When Strunk and White’s rules of grammar are used to open up arguments in a courtroom, you can bet it’s going to come down to splitting hairs. At issue is a comma, which separates two clauses in the constitution.

Darrell Moore (standing), representing Auditor Tom Schweich, presents his arguments to the court. The Governor’s attorney, Chip Edwards (front) listens. (Photo courtesy Julie Smith / Jefferson City News Tribune.)

That’s what happened today in the court hearing of Schweich versus Nixon, a case in which the state auditor says the Governor does not have the authority to withhold funds from other departments in order to give them to another.

The suit comes on the heels of $170 million dollars cut from the budget by Governor Nixon … who said they were necessary to pay for the devastation caused by flooding in Southeast Missouri and tornado damage in Joplin.

Auditor Schweich’s attorney, Darrell Moore, tells the judge the Governor has misinterpreted the constitution.

Nixon’s legal counsel, former Supreme Court Judge Chip Robertson, counters that this case threatens the very powers vested to a Governor to make sure the state’s financial house is in order. He says what’s at stake is the ability for the governor to make sure the state’s budget is balanced within the appropriations provided by the General Assembly.

Regardless of good intentions, State Auditor Tom Schweich had said Governor Nixon is not authorized to re-apportion state funds to pay for disaster recovery. Nixon had said the shift was justified because the budget line for disaster relief contains an “E” next to the dollar amount — indicating it is an estimate that can be expanded to unlimited amounts to cover needs.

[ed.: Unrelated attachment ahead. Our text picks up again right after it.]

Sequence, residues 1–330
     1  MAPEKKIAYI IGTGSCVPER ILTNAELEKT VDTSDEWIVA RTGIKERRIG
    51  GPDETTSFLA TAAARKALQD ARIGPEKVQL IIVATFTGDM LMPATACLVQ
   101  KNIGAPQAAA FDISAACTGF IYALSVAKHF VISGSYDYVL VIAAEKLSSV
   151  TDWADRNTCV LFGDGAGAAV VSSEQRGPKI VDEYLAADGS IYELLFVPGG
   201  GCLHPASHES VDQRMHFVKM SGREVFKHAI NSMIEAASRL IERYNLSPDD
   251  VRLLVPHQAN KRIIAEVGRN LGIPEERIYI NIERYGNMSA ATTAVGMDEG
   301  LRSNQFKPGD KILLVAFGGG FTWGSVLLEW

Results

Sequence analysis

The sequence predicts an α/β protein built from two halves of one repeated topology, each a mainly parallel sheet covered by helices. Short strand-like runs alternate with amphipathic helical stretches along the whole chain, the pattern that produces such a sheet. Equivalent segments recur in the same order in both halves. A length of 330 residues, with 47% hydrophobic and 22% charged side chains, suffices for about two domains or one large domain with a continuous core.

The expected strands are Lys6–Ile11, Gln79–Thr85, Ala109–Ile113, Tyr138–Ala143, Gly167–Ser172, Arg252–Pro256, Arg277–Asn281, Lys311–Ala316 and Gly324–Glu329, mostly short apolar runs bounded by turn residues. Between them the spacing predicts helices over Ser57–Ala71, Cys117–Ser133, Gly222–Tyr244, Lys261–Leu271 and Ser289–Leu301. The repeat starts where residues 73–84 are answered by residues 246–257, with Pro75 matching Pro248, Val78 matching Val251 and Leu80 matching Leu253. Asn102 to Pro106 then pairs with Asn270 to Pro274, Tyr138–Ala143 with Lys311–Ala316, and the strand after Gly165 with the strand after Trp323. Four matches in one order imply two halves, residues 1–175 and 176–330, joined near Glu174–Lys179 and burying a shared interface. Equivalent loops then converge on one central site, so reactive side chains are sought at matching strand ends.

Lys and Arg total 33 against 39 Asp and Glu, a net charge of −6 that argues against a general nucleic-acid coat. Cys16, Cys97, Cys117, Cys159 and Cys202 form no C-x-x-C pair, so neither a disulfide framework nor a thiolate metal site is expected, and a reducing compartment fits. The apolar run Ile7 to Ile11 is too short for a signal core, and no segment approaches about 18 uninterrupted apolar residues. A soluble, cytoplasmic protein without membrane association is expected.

About that comma —

The argument centers on the Missouri Constitution section that states, “The governor may control the rate at which any appropriation is expended during the period of the appropriation by allotment or other means, and may reduce the expenditures of the state or any of its agencies below their appropriations whenever the actual revenues are less than the revenue estimates upon which the appropriations were based.”

The second clause of the sentence does appear to give the governor the power to withhold portions of the budget when state revenues fall below projections, but those projections are typically in line with actual revenues.

Nixon’s attorney says this year is different because the withholdings were made under a separate power, a power stated by — look before the comma — the first half of that constitutional statement.

The case was heard in Judge Jon Beetam’s courtroom in Cole County. No decision has been handed down, but regardless of what that decision is, the case is expected to go to a court of appeals.